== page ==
Hit the X-key to eXpand the displayed waveform or spectrum. This stretches out a portion of the displayed data for closer inspection... it does not change the actual data points. The portion of the trace to be expanded can be selected via items in the X-axis control menu, or by using the XCurs function to Xpand the area between the trace Cursors. Trace expansion has no effect on any ongoing process... you just get a different view of it. Hit the X-key again to go back to the full view.

When the trace has been expanded, the trace grid and X-axis are redrawn with new divisions and labels as needed. Below the X-axis an Xpand Bar will appear in the axis color, which represents the unexpanded X-axis. The portion of the original axis that has been expanded is represented on the bar in the trace screen color. Display of this bar is optional: You may turn it off with the Xpand Bar item in the X-axis menu.

There is no Xpand or XCurs function in spectrogram mode, but when N = 1024, only half of the frequency range is visible on the Y-axis. Use the X-axis menu Xpand functions to slide that portion up or down in frequency over the whole range. Or, use the PgUp/PgDn keys to do this... they still control the Y-axis here, even though that's now frequency instead of the normal trace magnification. Similarly, SHIFT-HOME forces the range to start from zero (or any preset value), and SHIFT-END restores it.

Separate Xpand range settings are maintained for waveform, spectrum, X-log spectrum, and 1024 point spectrogram modes. If you activate Xpand while viewing a waveform and then hit the F-key to view the spectrum, you will not be in Xpand mode there unless you explicitly set it while in that mode.

This is useful for a common problem: If you set the sampling rate high enough to see a nicely spread out waveform with only a few cycles on the trace, then the spectrum will be crowded down at the bottom of the frequency range. Conversely, with the sampling rate set to see a mid-screen spectrum, the waveform will appear so compressed as to be nearly useless. The solution is to shoot for a compromise sampling rate and then apply Xpand as needed to get nice traces.

For waveforms, the maximum expansion allowed is when only 16 data points are shown, regardless of whether you get there by XCurs or by manually setting the Max and Min values in the X-axis menu. These 16 points can be anywhere within the original trace data. If the expanded portion of a waveform is near the start, you can change N-points and still see the same trace... only the Xpand Bar changes to show that you are looking at a different part of the data set with the same start and stop times.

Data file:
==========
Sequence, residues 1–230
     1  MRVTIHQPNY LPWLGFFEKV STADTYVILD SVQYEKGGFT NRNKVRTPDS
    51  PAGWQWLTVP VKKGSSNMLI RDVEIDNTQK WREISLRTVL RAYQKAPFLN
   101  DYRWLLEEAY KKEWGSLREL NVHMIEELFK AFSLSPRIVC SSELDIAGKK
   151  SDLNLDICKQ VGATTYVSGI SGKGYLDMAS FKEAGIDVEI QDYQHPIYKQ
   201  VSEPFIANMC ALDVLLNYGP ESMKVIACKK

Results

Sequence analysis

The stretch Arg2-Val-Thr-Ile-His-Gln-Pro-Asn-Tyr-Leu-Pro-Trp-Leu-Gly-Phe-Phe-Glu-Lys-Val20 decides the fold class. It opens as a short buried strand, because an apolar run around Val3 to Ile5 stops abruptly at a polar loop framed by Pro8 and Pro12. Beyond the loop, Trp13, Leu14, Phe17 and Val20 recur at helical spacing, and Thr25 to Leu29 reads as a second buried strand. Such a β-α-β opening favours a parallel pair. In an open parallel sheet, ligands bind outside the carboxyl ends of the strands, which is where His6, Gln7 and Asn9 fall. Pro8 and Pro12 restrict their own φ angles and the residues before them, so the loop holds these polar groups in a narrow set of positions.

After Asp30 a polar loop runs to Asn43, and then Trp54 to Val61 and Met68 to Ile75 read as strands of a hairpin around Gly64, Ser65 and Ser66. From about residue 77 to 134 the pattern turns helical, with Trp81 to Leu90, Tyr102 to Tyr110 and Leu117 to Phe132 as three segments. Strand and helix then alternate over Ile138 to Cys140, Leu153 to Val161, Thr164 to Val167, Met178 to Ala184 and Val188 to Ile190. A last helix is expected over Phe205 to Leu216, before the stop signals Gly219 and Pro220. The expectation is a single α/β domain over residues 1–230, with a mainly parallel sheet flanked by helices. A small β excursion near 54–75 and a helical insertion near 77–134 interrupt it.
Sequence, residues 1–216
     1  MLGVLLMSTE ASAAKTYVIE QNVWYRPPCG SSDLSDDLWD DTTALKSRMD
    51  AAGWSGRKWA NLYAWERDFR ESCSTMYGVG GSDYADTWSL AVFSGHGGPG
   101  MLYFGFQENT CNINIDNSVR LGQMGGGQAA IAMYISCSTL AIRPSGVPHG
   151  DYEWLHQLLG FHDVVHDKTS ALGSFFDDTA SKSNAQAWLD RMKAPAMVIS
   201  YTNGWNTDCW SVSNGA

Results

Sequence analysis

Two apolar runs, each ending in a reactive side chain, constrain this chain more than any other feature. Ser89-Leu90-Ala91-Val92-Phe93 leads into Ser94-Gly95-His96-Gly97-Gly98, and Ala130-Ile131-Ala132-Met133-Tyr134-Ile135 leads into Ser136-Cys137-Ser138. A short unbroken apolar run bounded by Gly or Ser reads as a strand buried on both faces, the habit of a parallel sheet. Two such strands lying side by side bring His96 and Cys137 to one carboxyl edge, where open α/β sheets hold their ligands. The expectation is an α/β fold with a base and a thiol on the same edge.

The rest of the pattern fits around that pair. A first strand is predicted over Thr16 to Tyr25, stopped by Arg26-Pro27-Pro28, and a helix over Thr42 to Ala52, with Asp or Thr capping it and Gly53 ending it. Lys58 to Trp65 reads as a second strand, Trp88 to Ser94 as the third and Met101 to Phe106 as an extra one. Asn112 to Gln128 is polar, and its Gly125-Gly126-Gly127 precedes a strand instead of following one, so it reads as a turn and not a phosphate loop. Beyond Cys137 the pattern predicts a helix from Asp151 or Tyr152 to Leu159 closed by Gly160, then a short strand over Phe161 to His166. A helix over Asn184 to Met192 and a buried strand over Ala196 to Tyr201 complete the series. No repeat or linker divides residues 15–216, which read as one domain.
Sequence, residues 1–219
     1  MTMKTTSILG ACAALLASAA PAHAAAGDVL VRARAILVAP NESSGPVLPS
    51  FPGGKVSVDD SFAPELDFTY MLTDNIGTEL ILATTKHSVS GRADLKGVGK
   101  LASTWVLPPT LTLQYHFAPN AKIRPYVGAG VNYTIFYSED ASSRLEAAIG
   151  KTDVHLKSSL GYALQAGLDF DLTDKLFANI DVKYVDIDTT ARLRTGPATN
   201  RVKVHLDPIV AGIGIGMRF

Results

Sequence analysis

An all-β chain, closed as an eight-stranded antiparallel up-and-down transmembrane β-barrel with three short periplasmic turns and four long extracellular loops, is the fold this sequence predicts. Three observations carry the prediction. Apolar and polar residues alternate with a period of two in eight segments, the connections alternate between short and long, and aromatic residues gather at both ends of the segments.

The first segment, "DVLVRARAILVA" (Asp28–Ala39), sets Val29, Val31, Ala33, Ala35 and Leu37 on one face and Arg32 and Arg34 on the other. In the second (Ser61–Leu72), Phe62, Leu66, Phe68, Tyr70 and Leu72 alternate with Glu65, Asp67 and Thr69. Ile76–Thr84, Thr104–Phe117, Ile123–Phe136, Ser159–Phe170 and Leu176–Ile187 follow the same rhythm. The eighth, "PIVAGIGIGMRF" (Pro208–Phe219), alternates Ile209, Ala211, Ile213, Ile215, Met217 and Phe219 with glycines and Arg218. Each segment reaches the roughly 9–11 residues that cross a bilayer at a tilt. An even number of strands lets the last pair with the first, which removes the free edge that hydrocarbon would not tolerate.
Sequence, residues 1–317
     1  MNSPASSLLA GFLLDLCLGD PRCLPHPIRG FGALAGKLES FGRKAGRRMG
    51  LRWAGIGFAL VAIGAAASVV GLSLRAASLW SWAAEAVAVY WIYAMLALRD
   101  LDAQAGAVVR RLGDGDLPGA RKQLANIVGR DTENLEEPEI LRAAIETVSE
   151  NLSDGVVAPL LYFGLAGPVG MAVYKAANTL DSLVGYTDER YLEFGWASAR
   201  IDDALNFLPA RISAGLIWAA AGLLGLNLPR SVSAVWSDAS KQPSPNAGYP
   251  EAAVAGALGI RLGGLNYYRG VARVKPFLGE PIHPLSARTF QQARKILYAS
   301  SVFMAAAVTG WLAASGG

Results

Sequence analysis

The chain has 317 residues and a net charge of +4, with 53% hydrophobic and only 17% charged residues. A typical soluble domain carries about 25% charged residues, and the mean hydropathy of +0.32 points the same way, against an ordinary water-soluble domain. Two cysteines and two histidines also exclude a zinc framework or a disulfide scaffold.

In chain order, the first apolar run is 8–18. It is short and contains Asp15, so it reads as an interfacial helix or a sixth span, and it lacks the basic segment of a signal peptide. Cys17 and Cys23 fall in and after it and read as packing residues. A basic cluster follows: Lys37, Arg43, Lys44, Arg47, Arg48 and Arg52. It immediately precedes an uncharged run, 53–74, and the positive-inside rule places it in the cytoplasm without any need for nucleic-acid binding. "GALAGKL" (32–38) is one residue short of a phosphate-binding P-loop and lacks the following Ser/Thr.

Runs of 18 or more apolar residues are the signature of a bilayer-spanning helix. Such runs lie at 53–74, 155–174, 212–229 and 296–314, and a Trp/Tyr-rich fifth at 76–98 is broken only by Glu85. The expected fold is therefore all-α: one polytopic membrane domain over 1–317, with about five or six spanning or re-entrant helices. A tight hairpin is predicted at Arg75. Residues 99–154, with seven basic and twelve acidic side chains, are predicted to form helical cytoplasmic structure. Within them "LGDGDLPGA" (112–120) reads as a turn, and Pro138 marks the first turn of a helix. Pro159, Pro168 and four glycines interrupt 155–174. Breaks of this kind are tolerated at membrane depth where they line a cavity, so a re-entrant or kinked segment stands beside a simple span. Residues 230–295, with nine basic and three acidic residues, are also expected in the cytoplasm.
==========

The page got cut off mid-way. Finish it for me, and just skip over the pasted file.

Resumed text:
If the expanded portion of a waveform is set to higher trace time points with N = 1024 (for instance), then if you shift to N = 256 those time points may be beyond the trace area, and Daqarta must adjust the expanded portion down to fit. For example, with a 50 µsec sample period (20 kHz rate) you can see 51.2 msec of data when N = 1024, but only 12.8 msec when N = 256. So if you set the Xpand area to run from 10.0 to 20.0 while N = 1024, then when you flip to 256 you will find that the Xpand area is from 10.0 to 12.8 msec.

For spectra, the maximum expansion is based upon N = 1024, where you can have no fewer than 16 data points showing. For N = 256 or 512 you will still see the same frequency range, but with a limit of 4 or 8 lines displayed, respectively.


If you hit SHIFT-X, the waveform or spectrum between the two trace cursors will be expanded to fill the trace. The Xpand option will be shown active, and the Xpand bar will appear below the X-axis just as if you had hit the unshifted X-key to select the Xpand function. The XCurs option will not be shown as active, since you will use the unshifted X-key to toggle Xpand mode back off.

Once XCurs has been hit, the new X-axis Xpand range becomes the setting for the normal Xpand function, and the limits will appear in the X-axis menu Xpand Max and Min items. You can thus toggle Xpand off and back on with the unshifted X-key to return to this range.

You can apply XCurs repeatedly to get greater and greater expansions, until as few as 16 data points are displayed in waveform mode, or as few as 4 data points in spectrum mode with N = 256.